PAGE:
2015 School Performance Profile

According to the Pennsylvania Department of Education, 66.7% of 5th grade students at Baugher Elementary School were on grade level in reading on the PSSAs given in April 2015 (12% below basic). In mathematics, 53% of 5th grade students showed on grade level skills (22.7% below basic). No fifth grade writing scores were reported. In 4th grade, 53% were on grade level in reading (15% below basic), while 50% showed on grade level math skills (25% below basic). In science, 80.4% of fourth graders showed on grade level understanding. Among third (3rd) graders, 66.7% were on grade level in reading (12% below basic) and 53.2% were on grade level in mathematics (19% below basic).[162] Statewide 61.9% of fifth (5th) graders were on grade level in reading, while 42.8% demonstrated on grade level math skills. Pennsylvania 4th graders were 58.6% on grade level in reading and 44.4% demonstrated on grade level math skills. In science, 77.3% of fourth graders showed on grade level understanding. Among Pennsylvania third (3rd) graders, 62% were reading on grade level, while 48.5% demonstrated on grade level math skills.[163]

2014 School Performance Profile

James F. Baugher Elementary School achieved a SPP score of 76.8 out of 100. The score reflects on grade level: reading, science, writing and mathematics achievement. In 2013-14, only 62% of the students were reading on grade level in grades 3rd through 5th. In 3rd grade, 60.78% of the pupils were reading on grade level. In math, 72% were on grade level (3rd-5th grades). In 4th grade science, just 83% of the pupils demonstrated on grade level understanding. In writing, only 50% of 5th grade pupils demonstrated on grade level skills.[164]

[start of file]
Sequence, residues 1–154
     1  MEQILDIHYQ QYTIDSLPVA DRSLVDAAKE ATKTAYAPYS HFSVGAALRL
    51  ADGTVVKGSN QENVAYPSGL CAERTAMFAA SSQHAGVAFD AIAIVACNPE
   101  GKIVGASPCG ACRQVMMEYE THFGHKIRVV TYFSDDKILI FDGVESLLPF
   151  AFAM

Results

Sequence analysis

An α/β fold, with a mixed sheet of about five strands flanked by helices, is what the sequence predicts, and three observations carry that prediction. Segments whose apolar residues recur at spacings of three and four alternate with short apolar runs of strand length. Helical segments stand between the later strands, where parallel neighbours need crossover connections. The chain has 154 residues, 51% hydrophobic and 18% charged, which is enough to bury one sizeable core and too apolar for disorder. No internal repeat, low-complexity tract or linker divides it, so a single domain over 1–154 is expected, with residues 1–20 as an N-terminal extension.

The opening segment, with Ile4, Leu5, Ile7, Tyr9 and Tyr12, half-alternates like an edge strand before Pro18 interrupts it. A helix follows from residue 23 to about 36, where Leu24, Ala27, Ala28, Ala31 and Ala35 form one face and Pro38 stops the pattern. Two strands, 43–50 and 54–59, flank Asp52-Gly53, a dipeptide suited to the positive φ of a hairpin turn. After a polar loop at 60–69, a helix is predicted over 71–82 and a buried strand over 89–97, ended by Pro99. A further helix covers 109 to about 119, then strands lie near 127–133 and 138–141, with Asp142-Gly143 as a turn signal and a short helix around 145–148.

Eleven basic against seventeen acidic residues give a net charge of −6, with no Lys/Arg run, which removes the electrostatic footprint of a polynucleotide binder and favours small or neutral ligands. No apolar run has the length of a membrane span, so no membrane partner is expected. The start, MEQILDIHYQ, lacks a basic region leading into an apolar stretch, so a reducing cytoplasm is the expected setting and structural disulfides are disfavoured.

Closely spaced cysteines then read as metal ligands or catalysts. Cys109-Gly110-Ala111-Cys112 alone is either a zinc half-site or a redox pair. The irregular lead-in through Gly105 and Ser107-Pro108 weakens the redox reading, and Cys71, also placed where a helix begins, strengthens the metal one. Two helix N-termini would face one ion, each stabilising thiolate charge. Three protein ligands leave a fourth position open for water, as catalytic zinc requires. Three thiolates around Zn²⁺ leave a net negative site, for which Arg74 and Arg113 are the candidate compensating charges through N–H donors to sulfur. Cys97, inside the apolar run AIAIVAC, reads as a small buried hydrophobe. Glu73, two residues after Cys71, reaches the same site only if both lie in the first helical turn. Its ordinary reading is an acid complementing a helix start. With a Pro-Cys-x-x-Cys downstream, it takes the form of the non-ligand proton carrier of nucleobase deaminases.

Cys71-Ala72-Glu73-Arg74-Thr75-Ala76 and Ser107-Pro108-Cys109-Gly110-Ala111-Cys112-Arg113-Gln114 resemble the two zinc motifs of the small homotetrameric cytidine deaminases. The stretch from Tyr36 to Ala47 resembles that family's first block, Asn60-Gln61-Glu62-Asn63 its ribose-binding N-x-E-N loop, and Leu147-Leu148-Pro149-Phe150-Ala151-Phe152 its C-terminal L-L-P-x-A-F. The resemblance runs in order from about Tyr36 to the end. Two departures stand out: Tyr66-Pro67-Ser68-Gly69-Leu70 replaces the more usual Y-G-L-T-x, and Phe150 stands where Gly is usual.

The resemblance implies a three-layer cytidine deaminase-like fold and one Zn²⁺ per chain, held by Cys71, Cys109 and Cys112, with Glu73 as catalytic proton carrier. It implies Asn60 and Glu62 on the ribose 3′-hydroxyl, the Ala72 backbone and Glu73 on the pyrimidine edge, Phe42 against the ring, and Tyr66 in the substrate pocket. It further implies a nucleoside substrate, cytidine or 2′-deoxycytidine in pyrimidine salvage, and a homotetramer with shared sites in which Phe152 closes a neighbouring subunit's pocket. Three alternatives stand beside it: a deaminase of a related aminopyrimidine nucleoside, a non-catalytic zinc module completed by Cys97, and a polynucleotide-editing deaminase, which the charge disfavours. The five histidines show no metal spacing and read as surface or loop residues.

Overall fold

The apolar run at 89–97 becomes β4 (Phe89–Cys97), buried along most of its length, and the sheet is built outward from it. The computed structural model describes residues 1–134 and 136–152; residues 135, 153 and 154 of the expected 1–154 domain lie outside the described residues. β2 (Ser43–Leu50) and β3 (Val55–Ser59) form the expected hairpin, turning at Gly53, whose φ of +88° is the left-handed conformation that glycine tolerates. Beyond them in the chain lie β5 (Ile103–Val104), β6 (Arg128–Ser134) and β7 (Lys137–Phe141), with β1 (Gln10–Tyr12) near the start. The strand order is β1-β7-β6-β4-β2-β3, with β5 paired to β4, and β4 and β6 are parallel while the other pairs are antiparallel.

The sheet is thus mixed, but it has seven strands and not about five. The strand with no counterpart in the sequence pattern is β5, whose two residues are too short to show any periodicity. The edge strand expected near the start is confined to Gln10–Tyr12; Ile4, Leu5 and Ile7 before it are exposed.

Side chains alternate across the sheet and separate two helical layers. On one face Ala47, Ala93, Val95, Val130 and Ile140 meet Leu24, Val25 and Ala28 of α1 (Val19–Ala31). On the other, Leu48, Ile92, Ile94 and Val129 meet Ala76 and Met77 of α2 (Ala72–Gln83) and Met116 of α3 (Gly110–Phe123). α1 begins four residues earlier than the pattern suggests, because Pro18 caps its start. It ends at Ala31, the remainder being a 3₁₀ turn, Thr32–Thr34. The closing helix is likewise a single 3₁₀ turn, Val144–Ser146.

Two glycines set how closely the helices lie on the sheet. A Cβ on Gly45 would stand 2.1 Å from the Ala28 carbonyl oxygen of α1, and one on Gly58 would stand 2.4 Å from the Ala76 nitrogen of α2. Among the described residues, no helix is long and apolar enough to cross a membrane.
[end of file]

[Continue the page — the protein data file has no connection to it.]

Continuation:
2013 School Performance Profile

James F. Baugher Elementary School achieved 77 out of 100. The score reflects on grade level: reading, science and mathematics achievement. In 2012-13, only 65% of the students were reading on grade level in grades 3rd through 5th. In 3rd grade, 72% of the pupils were reading on grade level. In math, 76.8% of the pupils in 3rd-5th grades showed grade level skills. In 4th grade science, just 78.9% of the pupils demonstrated on grade level understanding. In writing, only 58% of pupils were on grade level in 2013.[165] The school provides full day kindergarten since 2003.

AYP History[edit]

James Baugher Elementary School (Milton AES) declined to Warning Adequate Yearly Progress (AYP) due to lagging scores in 2012. The School achieved AYP status in 2009 through 2011.[166][167] In 2011 the attendance rate was 94% while in 2010 the rate was 95%.[168] From 2003 through 2008, the school achieved AYP status each school year.[169]

PSSA history

Each year, in the Spring, in order to comply with the federal No Child Left Behind Law, the 3rd graders take the PSSAs in math and reading. The fourth grade is tested in reading, math and science. The fifth grade is evaluated in reading, mathematics and writing. Pennsylvania System of School Assessments, commonly called PSSAs are No Child Left Behind Act related examinations which were administered beginning 2003 to all Pennsylvania public school students in grades 3rd-8th.[170] The goal was for 100% of students to be on grade level or better in reading and mathematics, by the Spring of 2014.[171][172][173] The tests focused on the state's Academic Standards for reading, writing, mathematics and science. The Science exam is given to 4th grades and includes content in science, technology, ecology and the environmental studies.[174] The first cohort of children who attended Accountability Block Grant funded full-day kindergarten reached third grade and took the PSSAs in the spring of 2008.